Summit County announces mobile coronavirus testing |

Summit County announces mobile coronavirus testing

A Stadium Medical team contracted by the county to conduct mobile COVID-19 testing.
Courtesy Julie Sutor, Summit County

DILLON — Summit County is now conducting mobile COVID-19 virus testing, and expanding test collection and processing operations.

The county has signed on with Stadium Medical to begin conducting door-to-door testing for the new coronavirus throughout the community, allowing sick individuals to stay at their homes instead of traveling to a medical provider. The county also has contracted with Quest Diagnostics to begin processing tests for the county, allowing officials to expand testing criteria to include more members of the community.

The new service began Monday, according to county spokesperson Julie Sutor.

“The county has taken on these roles in order to provide our local public health experts with better roadmaps by which to navigate through this emergency and protect the health of our community,” Summit County Public Health Director Amy Wineland said in a release.

A Stadium Medical team will be traveling by ambulance to the residences of sick individuals with symptoms consistent with COVID-19 to collect samples. The teams will arrive in full protective equipment.

To be tested, individuals must contact their medical provider to receive a prescription for a test.

Over the past several weeks, testing has occurred at St. Anthony Summit Medical Center and the Summit Community Care Clinic. The county initially considered setting up a drive-through testing site at the Summit County Medical Office Building but determined mobile testing would be more efficient, as long as tests are available.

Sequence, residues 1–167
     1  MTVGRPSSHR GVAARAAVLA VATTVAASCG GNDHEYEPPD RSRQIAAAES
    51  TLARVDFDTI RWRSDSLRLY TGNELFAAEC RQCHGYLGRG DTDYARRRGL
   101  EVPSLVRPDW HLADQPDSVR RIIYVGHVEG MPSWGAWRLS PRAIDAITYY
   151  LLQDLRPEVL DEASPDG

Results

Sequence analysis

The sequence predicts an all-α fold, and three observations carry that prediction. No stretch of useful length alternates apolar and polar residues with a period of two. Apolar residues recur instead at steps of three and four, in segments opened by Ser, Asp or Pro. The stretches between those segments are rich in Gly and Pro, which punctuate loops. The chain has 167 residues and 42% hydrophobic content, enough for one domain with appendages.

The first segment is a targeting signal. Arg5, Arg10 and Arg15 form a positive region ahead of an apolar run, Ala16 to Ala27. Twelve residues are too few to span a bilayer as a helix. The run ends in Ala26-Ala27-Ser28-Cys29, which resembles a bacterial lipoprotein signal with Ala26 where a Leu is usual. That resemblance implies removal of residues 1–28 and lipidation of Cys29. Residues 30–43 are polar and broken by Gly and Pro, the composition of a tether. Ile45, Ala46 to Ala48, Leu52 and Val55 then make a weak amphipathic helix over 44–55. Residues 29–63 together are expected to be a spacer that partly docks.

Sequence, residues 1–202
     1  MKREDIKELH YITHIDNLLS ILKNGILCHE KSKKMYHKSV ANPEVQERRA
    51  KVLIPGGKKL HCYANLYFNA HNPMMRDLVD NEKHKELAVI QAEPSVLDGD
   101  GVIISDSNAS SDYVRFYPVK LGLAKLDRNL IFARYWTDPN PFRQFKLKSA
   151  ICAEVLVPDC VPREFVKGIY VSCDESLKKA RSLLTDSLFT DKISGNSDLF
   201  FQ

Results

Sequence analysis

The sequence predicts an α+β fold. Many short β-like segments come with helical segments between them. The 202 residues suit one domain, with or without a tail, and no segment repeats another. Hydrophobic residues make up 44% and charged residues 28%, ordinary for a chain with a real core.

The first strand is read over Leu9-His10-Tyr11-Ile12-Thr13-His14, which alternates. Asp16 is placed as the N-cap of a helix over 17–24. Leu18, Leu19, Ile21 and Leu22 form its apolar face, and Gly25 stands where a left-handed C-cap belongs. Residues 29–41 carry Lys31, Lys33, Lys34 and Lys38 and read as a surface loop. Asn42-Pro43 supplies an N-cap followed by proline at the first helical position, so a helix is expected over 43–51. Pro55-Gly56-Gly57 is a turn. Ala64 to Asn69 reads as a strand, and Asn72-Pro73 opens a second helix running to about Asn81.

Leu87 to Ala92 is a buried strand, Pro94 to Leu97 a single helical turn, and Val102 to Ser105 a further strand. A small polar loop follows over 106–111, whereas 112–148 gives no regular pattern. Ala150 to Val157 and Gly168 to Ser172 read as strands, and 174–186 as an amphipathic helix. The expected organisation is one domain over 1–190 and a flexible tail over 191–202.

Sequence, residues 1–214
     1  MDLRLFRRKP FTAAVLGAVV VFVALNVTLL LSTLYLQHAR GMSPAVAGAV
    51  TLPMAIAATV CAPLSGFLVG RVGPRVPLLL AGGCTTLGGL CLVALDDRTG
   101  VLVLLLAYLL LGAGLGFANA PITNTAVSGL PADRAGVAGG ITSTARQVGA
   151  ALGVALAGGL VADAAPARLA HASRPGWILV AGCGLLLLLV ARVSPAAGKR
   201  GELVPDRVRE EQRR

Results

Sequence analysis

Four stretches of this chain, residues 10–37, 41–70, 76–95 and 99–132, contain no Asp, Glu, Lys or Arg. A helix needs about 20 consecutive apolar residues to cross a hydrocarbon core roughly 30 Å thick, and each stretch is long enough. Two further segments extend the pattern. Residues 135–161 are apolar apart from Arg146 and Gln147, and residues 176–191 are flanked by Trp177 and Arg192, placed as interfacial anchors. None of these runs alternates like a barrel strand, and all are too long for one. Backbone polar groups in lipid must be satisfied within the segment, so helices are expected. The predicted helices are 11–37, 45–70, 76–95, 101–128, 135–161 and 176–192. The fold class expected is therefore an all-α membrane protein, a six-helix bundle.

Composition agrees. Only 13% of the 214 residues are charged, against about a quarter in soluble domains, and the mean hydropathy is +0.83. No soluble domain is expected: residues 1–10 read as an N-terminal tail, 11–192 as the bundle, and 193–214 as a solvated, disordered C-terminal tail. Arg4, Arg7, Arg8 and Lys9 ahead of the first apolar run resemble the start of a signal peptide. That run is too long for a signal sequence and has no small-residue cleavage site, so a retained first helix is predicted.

“(Personal protective equipment) is in short supply across the country, so we want to be prudent in our use of these limited resources,” Wineland continued. “Mobile testing will enable us to conduct more testing more safely and with less (personal protective equipment).”

Previously only first responders, health care workers and hospitalized individuals could be tested. Now, the criteria has opened up to include patients in long-term care facilities, patients 65 or older, patients with underlying health conditions, critical infrastructure workers and individuals with moderate symptoms.

Moderate symptoms include dry cough, a fever above 100.4 degrees, chills and a strong desire to stay in bed, according to the public health department. Though ultimately it will be up to each individual’s health care provider to determine whether they are eligible for testing.

Officials believe expanded testing capabilities will help to clear up gaps in data and help officials to better understand how the disease has impacted Summit County.

“We’re very excited about these new capabilities because they’ll help give us a much clearer picture of the spread of disease in our community,” Wineland said.

All Summit County residents experiencing COVID-19 symptoms are encouraged to log them in the county’s symptom tracker available on the county’s website.

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